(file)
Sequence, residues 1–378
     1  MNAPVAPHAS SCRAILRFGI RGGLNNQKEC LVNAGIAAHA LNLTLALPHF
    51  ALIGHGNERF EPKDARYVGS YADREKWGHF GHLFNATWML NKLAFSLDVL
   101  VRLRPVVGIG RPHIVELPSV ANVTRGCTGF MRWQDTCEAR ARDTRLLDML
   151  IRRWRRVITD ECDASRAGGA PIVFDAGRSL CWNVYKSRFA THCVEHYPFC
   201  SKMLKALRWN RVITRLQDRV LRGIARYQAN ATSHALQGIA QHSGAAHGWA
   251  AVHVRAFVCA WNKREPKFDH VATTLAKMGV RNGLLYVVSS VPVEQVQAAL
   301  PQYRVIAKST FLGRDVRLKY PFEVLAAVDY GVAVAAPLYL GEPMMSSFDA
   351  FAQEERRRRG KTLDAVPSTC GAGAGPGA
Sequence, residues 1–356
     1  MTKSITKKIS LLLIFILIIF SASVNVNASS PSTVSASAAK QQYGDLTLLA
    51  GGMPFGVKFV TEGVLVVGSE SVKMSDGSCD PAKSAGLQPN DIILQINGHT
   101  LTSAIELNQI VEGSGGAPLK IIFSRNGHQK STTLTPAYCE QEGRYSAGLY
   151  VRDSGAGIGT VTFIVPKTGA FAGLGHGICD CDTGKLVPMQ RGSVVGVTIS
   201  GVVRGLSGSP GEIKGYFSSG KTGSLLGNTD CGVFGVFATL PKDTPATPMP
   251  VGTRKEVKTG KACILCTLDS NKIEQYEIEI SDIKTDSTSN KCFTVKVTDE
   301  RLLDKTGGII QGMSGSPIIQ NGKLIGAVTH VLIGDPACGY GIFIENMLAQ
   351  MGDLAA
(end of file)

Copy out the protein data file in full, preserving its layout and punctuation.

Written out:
Sequence, residues 1–378
     1  MNAPVAPHAS SCRAILRFGI RGGLNNQKEC LVNAGIAAHA LNLTLALPHF
    51  ALIGHGNERF EPKDARYVGS YADREKWGHF GHLFNATWML NKLAFSLDVL
   101  VRLRPVVGIG RPHIVELPSV ANVTRGCTGF MRWQDTCEAR ARDTRLLDML
   151  IRRWRRVITD ECDASRAGGA PIVFDAGRSL CWNVYKSRFA THCVEHYPFC
   201  SKMLKALRWN RVITRLQDRV LRGIARYQAN ATSHALQGIA QHSGAAHGWA
   251  AVHVRAFVCA WNKREPKFDH VATTLAKMGV RNGLLYVVSS VPVEQVQAAL
   301  PQYRVIAKST FLGRDVRLKY PFEVLAAVDY GVAVAAPLYL GEPMMSSFDA
   351  FAQEERRRRG KTLDAVPSTC GAGAGPGA
Sequence, residues 1–356
     1  MTKSITKKIS LLLIFILIIF SASVNVNASS PSTVSASAAK QQYGDLTLLA
    51  GGMPFGVKFV TEGVLVVGSE SVKMSDGSCD PAKSAGLQPN DIILQINGHT
   101  LTSAIELNQI VEGSGGAPLK IIFSRNGHQK STTLTPAYCE QEGRYSAGLY
   151  VRDSGAGIGT VTFIVPKTGA FAGLGHGICD CDTGKLVPMQ RGSVVGVTIS
   201  GVVRGLSGSP GEIKGYFSSG KTGSLLGNTD CGVFGVFATL PKDTPATPMP
   251  VGTRKEVKTG KACILCTLDS NKIEQYEIEI SDIKTDSTSN KCFTVKVTDE
   301  RLLDKTGGII QGMSGSPIIQ NGKLIGAVTH VLIGDPACGY GIFIENMLAQ
   351  MGDLAA